I think Main and Locust streets in Dubuque might have the best preserved row of upper-middle to upper class houses from the 1870s to 1890s in the Midwest. While there are some losses, for the most part, the street wall looks much the same as if you could go back in time to 1890, and walk down the two parallel thoroughfares. It is amazing. Just look at the house above, which is now a funeral home. The lumber business made Dubuque fabulously wealthy for many, and it shows. Much of the posts over the next week are houses located in the Jackson Park National Register Historic District.
Walking south, there is one example of Italianate house after another, with a variety that we do not see in many American cities any more. There are gable roofs, hip roofs, paired windows and more types of lintels for windows
The houses above and below were clearly built at the same time (though the house above did not originally have those two porch columns and balustrade hmm…). Perhaps they were built speculatively, or were business partners, or maybe for two sisters as wedding gifts from their father.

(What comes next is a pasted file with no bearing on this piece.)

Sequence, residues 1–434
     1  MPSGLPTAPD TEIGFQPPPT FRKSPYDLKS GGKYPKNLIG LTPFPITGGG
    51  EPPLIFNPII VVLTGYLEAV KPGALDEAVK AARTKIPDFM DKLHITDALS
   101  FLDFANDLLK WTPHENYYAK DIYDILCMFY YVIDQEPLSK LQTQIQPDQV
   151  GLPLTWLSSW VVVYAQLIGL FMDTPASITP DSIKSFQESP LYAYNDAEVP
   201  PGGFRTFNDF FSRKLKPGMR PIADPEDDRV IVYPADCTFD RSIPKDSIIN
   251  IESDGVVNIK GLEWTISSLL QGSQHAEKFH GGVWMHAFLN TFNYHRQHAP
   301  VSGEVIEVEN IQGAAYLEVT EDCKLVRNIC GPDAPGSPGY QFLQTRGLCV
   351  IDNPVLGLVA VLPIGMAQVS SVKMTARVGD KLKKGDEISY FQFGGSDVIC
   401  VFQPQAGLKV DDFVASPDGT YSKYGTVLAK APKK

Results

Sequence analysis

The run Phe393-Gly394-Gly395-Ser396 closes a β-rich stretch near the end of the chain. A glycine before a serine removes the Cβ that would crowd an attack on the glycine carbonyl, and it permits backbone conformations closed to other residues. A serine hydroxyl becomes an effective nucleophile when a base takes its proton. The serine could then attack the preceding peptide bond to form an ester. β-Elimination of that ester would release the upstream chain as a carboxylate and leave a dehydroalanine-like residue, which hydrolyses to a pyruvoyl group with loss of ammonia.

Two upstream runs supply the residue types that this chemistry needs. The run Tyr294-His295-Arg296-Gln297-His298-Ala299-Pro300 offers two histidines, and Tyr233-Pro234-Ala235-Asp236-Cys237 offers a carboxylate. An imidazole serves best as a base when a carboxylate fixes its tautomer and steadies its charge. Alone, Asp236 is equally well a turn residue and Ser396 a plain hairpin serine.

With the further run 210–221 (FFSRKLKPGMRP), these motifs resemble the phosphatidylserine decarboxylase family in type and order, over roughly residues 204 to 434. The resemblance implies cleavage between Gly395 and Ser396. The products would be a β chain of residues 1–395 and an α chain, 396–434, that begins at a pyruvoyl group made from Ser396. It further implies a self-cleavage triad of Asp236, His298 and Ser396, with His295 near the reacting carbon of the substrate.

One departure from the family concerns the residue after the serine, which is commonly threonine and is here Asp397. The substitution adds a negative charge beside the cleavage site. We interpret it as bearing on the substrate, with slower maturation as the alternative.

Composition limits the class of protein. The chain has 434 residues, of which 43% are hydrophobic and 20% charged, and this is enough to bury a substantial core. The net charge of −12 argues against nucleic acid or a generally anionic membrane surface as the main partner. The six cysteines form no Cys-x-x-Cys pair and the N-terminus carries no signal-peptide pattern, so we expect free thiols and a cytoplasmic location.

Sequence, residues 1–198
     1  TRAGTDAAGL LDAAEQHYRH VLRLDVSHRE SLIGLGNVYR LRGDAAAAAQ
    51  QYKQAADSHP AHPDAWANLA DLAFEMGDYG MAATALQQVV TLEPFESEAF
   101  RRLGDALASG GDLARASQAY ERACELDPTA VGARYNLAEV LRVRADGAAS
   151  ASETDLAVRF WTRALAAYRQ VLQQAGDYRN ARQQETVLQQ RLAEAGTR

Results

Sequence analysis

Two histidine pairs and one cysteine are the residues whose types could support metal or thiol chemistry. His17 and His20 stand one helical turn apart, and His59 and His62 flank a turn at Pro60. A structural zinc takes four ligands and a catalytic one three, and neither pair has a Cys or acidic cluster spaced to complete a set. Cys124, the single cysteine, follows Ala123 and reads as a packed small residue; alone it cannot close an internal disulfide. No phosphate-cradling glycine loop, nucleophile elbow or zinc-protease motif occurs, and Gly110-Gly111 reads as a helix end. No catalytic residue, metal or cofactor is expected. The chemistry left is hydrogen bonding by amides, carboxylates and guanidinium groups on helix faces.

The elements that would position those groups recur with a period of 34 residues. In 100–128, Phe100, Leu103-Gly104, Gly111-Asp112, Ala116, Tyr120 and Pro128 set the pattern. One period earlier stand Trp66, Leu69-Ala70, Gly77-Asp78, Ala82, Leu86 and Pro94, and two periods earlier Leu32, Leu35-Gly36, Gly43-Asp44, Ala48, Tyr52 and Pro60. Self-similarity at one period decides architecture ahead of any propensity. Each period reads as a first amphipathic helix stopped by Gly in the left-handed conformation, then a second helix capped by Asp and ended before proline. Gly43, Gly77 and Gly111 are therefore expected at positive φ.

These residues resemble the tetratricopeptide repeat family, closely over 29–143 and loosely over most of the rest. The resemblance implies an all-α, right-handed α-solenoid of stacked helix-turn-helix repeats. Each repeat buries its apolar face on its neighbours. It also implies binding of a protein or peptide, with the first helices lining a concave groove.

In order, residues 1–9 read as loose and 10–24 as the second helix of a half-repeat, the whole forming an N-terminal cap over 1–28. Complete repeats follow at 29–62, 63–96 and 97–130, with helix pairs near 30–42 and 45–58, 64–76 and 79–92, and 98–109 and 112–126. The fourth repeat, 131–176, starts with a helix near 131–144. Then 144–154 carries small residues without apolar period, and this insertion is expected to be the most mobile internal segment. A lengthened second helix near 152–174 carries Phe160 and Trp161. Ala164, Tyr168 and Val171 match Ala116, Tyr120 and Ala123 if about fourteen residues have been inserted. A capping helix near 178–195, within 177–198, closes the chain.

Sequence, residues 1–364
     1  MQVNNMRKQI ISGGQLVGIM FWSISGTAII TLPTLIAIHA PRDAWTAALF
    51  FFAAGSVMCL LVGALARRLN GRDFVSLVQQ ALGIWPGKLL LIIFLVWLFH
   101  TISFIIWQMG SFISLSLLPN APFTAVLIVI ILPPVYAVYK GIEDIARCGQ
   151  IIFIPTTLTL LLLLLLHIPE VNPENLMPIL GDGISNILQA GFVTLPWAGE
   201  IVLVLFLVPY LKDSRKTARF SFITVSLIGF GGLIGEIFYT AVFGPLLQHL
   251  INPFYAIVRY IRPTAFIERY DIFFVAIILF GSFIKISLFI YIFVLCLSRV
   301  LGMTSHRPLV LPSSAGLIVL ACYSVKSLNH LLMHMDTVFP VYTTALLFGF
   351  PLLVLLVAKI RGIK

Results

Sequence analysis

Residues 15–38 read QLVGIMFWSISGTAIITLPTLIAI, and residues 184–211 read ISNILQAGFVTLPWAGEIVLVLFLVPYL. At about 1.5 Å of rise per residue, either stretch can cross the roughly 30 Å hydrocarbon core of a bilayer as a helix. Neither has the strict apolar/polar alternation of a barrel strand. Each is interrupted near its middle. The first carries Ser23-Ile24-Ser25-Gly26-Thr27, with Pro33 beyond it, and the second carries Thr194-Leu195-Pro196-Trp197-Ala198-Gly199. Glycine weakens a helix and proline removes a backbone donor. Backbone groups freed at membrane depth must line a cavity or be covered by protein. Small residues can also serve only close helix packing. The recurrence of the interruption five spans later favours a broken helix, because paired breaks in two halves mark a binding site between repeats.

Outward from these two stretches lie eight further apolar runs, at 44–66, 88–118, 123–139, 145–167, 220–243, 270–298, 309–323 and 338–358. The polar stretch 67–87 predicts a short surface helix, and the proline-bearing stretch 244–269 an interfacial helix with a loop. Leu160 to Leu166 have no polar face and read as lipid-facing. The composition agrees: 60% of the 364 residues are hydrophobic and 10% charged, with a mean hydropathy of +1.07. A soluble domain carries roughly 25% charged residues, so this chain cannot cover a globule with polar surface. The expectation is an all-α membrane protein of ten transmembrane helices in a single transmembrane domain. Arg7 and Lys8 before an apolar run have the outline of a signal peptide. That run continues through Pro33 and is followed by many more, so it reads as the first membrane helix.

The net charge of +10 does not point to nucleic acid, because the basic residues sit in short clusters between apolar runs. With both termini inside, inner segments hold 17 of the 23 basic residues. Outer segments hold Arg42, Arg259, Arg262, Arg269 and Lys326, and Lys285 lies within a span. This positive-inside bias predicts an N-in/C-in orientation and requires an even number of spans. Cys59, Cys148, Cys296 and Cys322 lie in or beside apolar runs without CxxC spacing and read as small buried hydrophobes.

And then this house, the Nicholas J. Schrup Residence, looks like a house we might see in the Central West End or Compton Heights. Designed by Fridolin Heer, the architect of the courthouse, it was completed in 1908. Schrup was a banker at the financial institutions downtown.
You know how difficult it is to curve wood like that? It’s super difficult. It involves soaking the wood, and then slowly, ever so slowly bending it without cracking it. It takes patience and incredible skill.
“Hey guys, we don’t have enough money for a full human statue of St. John the Evangelist. Want to just put an eagle statue to represent him in the niche instead? Fine? OK, good.”
After we pass by St. John’s Episcopal Church, we see more houses on the east side of Main Street, perhaps a little less grand, but still resplendent in the late afternoon sun.